Замена для printk

В начале ( глава1), я сказал, что X и программирование модулей ядра не совместимы. Это истинно при разработке модуля, но в фактическом использовании, Вы должны быть способны послать сообщениям любому tty 9.1. Это важно для идентификации ошибок после того, как модуль выпущен, потому что он будет использоваться через любой из терминалов.

Путем этого достичь: используя текущий указатель на задачу, выполняемую в настоящее время, получить ее структуру tty. Затем мы смотрим внутри этой структура tty, чтобы найти указатель на функцию, пишущую строку на tty. Ее мы и используем для вывода.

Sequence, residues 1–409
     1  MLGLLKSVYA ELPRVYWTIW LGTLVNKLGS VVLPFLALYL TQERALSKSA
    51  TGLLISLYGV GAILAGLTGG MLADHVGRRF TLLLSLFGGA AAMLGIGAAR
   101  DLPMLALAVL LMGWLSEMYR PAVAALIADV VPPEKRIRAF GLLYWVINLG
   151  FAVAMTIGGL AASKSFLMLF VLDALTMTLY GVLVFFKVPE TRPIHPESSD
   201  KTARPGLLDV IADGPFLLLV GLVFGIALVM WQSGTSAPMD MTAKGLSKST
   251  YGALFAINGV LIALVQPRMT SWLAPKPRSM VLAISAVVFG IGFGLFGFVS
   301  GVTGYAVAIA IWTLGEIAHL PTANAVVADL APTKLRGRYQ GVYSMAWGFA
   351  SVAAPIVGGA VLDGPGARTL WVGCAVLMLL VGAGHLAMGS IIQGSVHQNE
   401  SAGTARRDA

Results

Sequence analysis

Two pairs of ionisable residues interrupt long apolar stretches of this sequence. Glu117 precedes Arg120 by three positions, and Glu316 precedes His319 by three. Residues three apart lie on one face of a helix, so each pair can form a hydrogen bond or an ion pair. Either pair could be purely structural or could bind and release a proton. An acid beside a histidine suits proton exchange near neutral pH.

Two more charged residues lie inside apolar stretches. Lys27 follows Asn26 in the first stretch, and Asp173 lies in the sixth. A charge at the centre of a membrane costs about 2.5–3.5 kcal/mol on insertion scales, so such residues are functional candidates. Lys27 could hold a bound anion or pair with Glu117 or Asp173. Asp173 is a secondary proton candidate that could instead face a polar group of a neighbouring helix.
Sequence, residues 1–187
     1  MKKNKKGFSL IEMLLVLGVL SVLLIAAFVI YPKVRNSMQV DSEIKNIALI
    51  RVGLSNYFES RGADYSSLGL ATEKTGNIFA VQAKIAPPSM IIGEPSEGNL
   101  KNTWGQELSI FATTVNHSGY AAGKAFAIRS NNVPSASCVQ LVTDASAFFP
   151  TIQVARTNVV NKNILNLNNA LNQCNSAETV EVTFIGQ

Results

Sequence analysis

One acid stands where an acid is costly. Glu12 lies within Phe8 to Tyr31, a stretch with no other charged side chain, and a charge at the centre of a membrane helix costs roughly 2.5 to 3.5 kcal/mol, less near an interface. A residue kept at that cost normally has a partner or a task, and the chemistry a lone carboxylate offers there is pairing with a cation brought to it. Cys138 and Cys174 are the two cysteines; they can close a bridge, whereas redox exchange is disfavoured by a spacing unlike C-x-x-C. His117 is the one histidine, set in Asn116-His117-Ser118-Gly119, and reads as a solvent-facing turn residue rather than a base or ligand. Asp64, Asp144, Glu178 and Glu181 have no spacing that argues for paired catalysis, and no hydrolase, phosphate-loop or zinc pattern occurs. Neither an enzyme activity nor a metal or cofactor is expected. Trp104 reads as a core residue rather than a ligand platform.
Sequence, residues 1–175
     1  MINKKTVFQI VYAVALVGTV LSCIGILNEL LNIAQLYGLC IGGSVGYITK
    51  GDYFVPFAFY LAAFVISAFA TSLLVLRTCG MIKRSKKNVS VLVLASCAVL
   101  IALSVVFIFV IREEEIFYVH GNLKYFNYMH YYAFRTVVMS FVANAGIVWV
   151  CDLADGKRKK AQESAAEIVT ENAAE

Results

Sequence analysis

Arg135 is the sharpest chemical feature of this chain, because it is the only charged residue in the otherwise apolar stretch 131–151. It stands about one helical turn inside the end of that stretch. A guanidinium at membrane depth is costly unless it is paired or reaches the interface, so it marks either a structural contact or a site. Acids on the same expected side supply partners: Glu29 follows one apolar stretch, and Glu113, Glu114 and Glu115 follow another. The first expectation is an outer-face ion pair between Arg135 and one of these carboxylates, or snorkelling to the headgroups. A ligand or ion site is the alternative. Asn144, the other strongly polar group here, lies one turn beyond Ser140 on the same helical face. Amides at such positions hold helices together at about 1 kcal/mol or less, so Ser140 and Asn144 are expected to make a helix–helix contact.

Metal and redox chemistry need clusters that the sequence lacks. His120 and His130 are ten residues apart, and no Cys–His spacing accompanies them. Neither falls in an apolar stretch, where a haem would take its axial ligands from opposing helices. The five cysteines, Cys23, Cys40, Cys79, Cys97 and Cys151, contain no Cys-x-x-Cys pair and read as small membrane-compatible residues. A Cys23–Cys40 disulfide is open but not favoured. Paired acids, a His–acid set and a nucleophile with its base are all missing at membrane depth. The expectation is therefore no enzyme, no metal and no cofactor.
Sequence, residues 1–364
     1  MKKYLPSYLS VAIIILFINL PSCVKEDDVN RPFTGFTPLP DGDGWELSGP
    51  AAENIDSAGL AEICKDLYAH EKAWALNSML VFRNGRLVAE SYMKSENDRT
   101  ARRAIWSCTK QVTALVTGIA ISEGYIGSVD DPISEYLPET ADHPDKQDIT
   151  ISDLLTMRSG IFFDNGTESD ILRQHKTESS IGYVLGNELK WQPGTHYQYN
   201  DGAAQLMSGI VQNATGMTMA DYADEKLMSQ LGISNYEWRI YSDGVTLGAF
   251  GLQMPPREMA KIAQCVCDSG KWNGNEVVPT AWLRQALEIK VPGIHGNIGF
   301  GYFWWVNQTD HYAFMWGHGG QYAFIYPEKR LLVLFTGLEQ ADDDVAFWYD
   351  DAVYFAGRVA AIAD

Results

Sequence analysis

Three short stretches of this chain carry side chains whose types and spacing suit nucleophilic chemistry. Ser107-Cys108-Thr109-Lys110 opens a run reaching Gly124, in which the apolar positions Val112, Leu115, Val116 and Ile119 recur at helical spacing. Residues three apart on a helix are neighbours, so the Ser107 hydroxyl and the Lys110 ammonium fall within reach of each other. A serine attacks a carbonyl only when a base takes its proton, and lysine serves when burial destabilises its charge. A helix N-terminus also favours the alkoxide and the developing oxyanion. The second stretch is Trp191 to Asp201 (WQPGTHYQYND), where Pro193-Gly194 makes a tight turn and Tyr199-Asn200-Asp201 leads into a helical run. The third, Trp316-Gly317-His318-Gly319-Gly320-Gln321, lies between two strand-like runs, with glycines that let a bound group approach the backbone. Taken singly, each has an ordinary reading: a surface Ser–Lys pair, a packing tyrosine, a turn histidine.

/* printk.c - send textual output to the tty you're * running on, regardless of whether it's passed * through X11, telnet, etc. */ /* Copyright (C) 1998 by Ori Pomerantz */ /* The necessary header files */ /* Standard in kernel modules */ #include <linux/kernel.h> /* We're doing kernel work */ #include <linux/module.h> /* Specifically, a module */ /* Deal with CONFIG_MODVERSIONS */ #if CONFIG_MODVERSIONS==1 #define MODVERSIONS #include <linux/modversions.h> #endif /* Necessary here */ #include <linux/sched.h> /* For current */ #include <linux/tty.h> /* For the tty declarations */ /* Print the string to the appropriate tty, the one * the current task uses */ void print_string(char *str) { struct tty_struct *my_tty; /* The tty for the current task */ my_tty = current->tty; /* If my_tty is NULL, it means that the current task * has no tty you can print to (this is possible, for * example, if it's a daemon). In this case, there's * nothing we can do. */ if (my_tty != NULL) { /* my_tty->driver is a struct which holds the tty's * functions, one of which (write) is used to * write strings to the tty. It can be used to take * a string either from the user's memory segment * or the kernel's memory segment. * * The function's first parameter is the tty to * write to, because the same function would * normally be used for all tty's of a certain type. * The second parameter controls whether the * function receives a string from kernel memory * (false, 0) or from user memory (true, non zero). * The third parameter is a pointer to a string, * and the fourth parameter is the length of * the string. */ (*(my_tty->driver).write)( my_tty, /* The tty itself */ 0, /* We don't take the string from user space */ str, /* String */ strlen(str)); /* Length */ /* ttys were originally hardware devices, which * (usually) adhered strictly to the ASCII standard. * According to ASCII, to move to a new line you * need two characters, a carriage return and a * line feed. In Unix, on the other hand, the * ASCII line feed is used for both purposes - so * we can't just use \n, because it wouldn't have * a carriage return and the next line will * start at the column right after the line feed. * * BTW, this is the reason why the text file * is different between Unix and Windows. * In CP/M and its derivatives, such as MS-DOS and * Windows, the ASCII standard was strictly * adhered to, and therefore a new line requires * both a line feed and a carriage return. */ (*(my_tty->driver).write)( my_tty, 0, "\015\012", 2); } } /* Module initialization and cleanup ****************** */ /* Initialize the module - register the proc file */ int init_module() { print_string("Module Inserted"); return 0; } /* Cleanup - unregister our file from /proc */ void cleanup_module() { print_string("Module Removed"); }